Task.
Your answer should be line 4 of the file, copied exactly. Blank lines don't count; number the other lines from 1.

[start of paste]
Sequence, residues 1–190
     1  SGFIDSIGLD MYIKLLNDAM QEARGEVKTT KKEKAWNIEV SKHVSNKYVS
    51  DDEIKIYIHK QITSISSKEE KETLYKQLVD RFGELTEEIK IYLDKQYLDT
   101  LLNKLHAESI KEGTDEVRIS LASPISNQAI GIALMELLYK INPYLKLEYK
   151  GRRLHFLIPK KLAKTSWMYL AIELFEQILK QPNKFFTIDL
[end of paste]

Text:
   101  LLNKLHAESI KEGTDEVRIS LASPISNQAI GIALMELLYK INPYLKLEYK